Goldberg Law on Legal Concerns for Drones (Unmanned Aerial Vehicles)
New FAA Laws & Regulations for Drones take Effect Today
Today is the day that the new Federal Aviation Administration's rules written to govern the flying of drones, or Unmanned Aerial Vehicles, (UAV's), go into effect.
The drone industry is experiencing explosive growth, and the government saw the need to quickly step in and try to apply some rules and regulations regarding who can fly them, where they can be operated and certain restrictions and limitations on their intended use.
It's easy to envision just how this cool new technology will be a huge asset to countless business enterprises. Real estate agents use them to capture dramatic videos of their properties, and many tourist destinations have discovered drone video is the ultimate way to depict their coastal town or resort golf course. Locally, a solar energy design business in Lee County will be using their $1,600 drone to help design and install rooftop solar energy systems. (Read the story here).
But even though the FAA's new rules take effect today, there is still a long way to go in the efforts to ensure drones are operated by those who receive specific training and certification, regulate the types of drones that are allowed in the sky and ensure the safety and privacy of people on the ground.
The FAA has also enlisted the country's space program, NASA, to get a handle on what effect large numbers of drones in the air will do to the nation's air traffic. It has been reported that NASA is preparing a research study for coming up with the optimum performance standards and guidelines for business's that will be using drones for commercial activities. It doesn't take great foresight to envision a pizza brought to your house via a drone, or your latest online purchase dropped on your doorstep.
Typically, our government's speed and ability to stay abreast of emerging technology means it will be a long time before NASA even presents their findings to the FAA. At a ‘drone conference' held by NASA's Airspace Operations and Safety Program, that agency's director told attendees they “hope to present their research before 2020”.
It should be pointed out that the director also estimated there would be approximately 7 million UAVs in the skies by then, with close to 3 million being used for commercial purposes.
In the meantime, while the FAA may be well-intentioned in the efforts to regulate the drone industry, there are several areas of concern when it comes to the law, and the legal ramifications affecting this new technology.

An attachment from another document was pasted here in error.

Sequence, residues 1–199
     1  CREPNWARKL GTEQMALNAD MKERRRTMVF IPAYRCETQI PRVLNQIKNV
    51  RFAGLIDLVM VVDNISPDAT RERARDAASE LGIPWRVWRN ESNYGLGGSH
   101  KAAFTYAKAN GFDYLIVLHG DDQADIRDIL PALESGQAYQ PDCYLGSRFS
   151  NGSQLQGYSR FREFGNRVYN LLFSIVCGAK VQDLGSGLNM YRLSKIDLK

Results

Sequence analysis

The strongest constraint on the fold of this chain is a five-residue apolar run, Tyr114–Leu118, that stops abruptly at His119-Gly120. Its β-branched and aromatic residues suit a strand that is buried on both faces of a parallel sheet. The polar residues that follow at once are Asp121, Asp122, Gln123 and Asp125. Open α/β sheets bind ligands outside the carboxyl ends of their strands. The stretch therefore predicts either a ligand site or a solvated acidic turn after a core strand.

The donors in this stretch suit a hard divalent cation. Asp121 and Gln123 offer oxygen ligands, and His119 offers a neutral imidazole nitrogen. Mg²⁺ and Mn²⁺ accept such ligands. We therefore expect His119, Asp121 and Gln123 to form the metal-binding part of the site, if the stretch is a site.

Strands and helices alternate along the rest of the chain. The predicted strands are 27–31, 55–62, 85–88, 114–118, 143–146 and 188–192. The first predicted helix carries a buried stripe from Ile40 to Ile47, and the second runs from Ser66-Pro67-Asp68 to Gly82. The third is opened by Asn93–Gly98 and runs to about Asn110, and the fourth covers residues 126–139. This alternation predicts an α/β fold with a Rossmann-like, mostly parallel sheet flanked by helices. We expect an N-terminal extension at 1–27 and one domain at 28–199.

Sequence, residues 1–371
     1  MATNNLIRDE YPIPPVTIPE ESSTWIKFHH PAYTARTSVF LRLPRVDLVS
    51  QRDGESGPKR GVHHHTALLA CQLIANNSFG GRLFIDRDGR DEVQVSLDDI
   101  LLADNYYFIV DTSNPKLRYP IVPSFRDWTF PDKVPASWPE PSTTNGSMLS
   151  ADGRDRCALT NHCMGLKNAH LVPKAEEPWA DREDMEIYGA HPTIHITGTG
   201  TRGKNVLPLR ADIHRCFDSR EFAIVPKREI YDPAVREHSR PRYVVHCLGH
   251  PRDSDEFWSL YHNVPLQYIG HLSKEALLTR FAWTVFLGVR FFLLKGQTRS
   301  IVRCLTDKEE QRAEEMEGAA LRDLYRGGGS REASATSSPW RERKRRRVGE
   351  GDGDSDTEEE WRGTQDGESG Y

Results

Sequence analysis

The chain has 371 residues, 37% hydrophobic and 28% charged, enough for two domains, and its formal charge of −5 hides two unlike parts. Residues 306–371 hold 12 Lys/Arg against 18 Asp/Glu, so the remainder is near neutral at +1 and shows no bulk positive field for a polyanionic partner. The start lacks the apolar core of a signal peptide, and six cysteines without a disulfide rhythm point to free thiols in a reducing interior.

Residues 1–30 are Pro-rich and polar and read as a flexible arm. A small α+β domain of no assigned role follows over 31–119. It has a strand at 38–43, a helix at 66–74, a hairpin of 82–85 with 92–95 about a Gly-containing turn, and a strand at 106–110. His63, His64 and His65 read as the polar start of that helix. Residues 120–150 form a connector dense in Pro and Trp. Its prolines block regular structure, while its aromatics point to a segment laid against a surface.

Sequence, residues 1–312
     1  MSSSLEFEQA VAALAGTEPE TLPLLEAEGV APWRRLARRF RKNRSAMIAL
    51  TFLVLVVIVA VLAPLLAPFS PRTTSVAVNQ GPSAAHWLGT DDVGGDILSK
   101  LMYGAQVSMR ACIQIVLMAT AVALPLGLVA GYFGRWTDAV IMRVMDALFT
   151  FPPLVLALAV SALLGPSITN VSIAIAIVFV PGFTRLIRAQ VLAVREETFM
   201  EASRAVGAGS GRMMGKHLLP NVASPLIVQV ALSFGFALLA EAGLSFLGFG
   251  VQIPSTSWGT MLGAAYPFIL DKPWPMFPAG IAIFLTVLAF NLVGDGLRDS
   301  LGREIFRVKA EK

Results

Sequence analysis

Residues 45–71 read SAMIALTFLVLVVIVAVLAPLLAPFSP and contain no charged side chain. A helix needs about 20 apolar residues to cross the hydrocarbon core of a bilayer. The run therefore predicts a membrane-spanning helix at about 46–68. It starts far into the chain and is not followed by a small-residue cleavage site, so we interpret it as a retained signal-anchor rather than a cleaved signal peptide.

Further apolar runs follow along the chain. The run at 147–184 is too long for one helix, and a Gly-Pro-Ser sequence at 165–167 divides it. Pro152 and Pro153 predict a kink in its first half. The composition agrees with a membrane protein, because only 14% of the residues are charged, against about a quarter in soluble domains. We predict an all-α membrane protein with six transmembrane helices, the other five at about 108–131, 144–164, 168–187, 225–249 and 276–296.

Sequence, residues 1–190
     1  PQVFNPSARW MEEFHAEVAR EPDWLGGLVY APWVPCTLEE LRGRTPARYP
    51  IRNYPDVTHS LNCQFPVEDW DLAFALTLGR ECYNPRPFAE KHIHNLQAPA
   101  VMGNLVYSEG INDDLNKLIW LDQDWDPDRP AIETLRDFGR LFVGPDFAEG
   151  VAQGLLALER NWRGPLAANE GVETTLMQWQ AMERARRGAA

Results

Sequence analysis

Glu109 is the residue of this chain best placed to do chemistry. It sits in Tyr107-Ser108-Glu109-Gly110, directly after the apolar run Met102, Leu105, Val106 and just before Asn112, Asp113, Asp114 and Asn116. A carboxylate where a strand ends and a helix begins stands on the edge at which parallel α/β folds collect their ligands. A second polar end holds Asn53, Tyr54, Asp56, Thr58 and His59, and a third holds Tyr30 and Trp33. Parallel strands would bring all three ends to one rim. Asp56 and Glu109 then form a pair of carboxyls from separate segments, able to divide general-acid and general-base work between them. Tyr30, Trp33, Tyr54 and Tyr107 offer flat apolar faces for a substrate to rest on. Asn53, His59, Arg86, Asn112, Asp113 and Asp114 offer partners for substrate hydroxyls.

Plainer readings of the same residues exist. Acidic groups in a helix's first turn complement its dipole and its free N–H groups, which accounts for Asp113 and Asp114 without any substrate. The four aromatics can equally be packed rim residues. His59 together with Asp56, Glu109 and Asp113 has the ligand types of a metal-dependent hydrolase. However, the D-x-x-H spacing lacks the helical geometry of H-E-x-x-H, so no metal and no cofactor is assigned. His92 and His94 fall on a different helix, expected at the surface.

Eye in the Sky – Huge Potential for Abuse?
Just like any other area of business and new technology, the operation of a drone device opens up a hugs can of worms in the application of law. Here are just a few of the concerns that could come up:
- Privacy – If someone is using a drone to capture images, what are the safeguards against filming someone or something that has not been authorized?
- Personal Injury – Who becomes responsible for a drone that unexpectedly drops out of the sky, or drops its payload, and strikes someone on the ground?
- Intellectual Property Rights – A drone could capture images of an inventor's or manufacturer's premises where a patented new product is being developed, or some protected technology is being tested.
- Human Rights – The government is using drones on a huge scale already – do they have a legal right to film you or capture your image from the sky without your knowledge or permission? (Some high-tech drones are equipped with facial recognition software and infrared ‘night vision' capabilities).
- Criminal Prosecution – If someone is using a drone to spy on, stalk or harass another individual, does that person have any legal recourse? (There are drones that are capable of intercepting or ‘wiretapping' conversations that were intended to be private).
- Search & Seizure Laws / Fourth Amendment – What if a law enforcement agency uses a drone to video someone's property, where there may be illegal activity or suspected stolen merchandise; do they need a warrant to do that?
“Where No Man Has Gone Before”
Just like Star Trek, drone technology and the rights of those who operate them versus the rights of those who may be being videotaped promises the development of an intriguing legal landscape. There are so many unanswered questions that will come up, and the future looks rife for precedent-setting legal cases and decisions.
The attorneys at Goldberg & Noone understand that any emerging technology requires extensive education as to the extent and application of law. We pride ourselves on helping our clients protect their full legal rights, and our expertise on taking action against a person or entity which has violated those rights.
Drones are cool, no question about it. But there are likely as many unscrupulous individuals out there already planning to use them for some type of illegal activity as there are legitimate folks who want to make money in this exciting new era.
Look to the attorneys at Goldberg Noone Abraham to help you know the difference.
The full contents of the Federal Aviation Administration's Small Unmanned Aircraft Rule (Part 107), can be seen here.